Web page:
About the Institute
Situated on the ungraspable border between deadpan irony and high seriousness, The Institute of Failure dedicates itself to the documentation, study, and theorisation of failure as it occurs in all aspects of human endeavour.
Existing as a website and through occasional live presentations, the Institute of Failure is a think-tank whose concerns may be summed up in the following questions:
What is failure?
How do things fail?
Why do things fail?
What is the part of failure in the psychic, cultural and social landscape of human-kind?
Headed by Tim Etchells (Forced Entertainment) and Matthew Goulish (Goat Island) and backed by a team of Honorary Scholars the Institute aims to map the face of contemporary failure in avowedly cross-disciplinary style, exploring areas such as architectural failures, relationships that fail, obsolete, dead or ‘failed’ media, sporting failures, the nature of ‘the catastrophe’ etc.
The Institute of Failure website will present the archives of the Institute, provide information about forthcoming activities and gather resources and links to other materials concerning the object of its study.
The project represents the first collaboration between leading members of Forced Entertainment and Goat Island, two highly respected international performance companies whose work shares many interests, failures and concerns.
Institute Personnel – Directors
Matthew Goulish has been a collaborative member of the performance group Goat Island since it began in 1987. His book 39 Microlectures in Proximity of Performance was published by Routledge in 2000.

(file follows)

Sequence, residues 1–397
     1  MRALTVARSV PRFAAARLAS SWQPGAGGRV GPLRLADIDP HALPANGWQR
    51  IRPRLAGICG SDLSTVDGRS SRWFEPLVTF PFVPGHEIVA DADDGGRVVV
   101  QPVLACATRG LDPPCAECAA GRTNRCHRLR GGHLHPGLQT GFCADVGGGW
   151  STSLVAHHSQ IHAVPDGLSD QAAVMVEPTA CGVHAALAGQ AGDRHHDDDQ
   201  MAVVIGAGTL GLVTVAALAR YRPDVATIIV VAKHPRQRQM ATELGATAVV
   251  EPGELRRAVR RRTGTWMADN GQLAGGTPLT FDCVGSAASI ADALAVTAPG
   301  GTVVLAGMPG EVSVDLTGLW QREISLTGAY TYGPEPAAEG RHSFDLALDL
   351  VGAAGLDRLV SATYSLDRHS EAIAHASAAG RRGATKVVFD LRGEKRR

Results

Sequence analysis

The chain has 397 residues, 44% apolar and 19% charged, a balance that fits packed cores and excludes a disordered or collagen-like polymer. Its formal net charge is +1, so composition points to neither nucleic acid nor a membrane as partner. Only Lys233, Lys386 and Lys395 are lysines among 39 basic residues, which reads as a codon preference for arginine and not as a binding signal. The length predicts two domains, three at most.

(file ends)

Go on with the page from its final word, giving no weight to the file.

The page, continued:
Tim Etchells is artistic director and writer behind Forced Entertainment, ‘Britain’s most brilliant contemporary theatre company’ (Guardian). As well as creating projects in diverse media (performance, video installation, SMS, new media), Etchells has published three books: The Dream Dictionary (for the Modern Dreamer) published in 2001 by Duckworths, Endland Stories published in 1999 by Pulp Books and Certain Fragments, a collection of essays on contemporary performance published in 1999 by Routledge.
Institute Personnel – Honorary Scholars
Sara Jane Bailes is a writer and performer living in New York. She teaches performance practice at Tisch School of the Arts, and critical writing courses which focus on the intersections between art, politics and popular culture. She is currently writing her doctoral thesis on contemporary performance and the poetics of failure. In her spare time she walks.
Ant Hampton‘s collaborative ROTOZAZA is London-based and produces performance work written for specific places, music and people (not necessarily in that order). The work ranges from miniature interventions through to large-scale “happenings”. www.rotozaza.co.uk.
Adrian Heathfield introduced the inaugral event of the Institute in Sheffield during December 2001. He is a lecturer in Theatre Studies at Warwick University and a freelance editor, writer and curator. He is the editor of Small Acts at the Millenium (Blackdog 2001) and Shattered Anatomies (1997).
Mary Agnes Krell is the multimedia designer for Forced Entertainment and has collaborated with Forced Entertainment on this and other digital projects. She is presently the head of the Design department at Cornish College of the Arts and is completing work on an experimental short film called, “The Somnambulist” in Seattle.
Howard Matthew is a visual and performance artist who graduated from Dartington College of Arts in 1997. His work has been exhibited throughout the UK and internationally. For The Institute of Failure he is showing his ‘Manual of Assisted Appliances’ which diagrams the assembly of failed appliances including rigged chairs, slapstick wardrobes, collapsing ladders and rotating beds. “My practice draws upon the idea of the everyday or the pedestrian as a point of departure or form of design brief for which I aim to find a solution – of sorts. The ‘contraptions’ which I construct in response aim to transport or transform the fantastical or imaginary to become the mundane or casual: I have developed space simulation equipment with a car axle and ironing board, demonstrated with the aid of a vacuum cleaner the correct posture for sky diving and made split second costume changes using a smoke machine and the public telephone boxes of Hull.” (from The Institute of Failure website)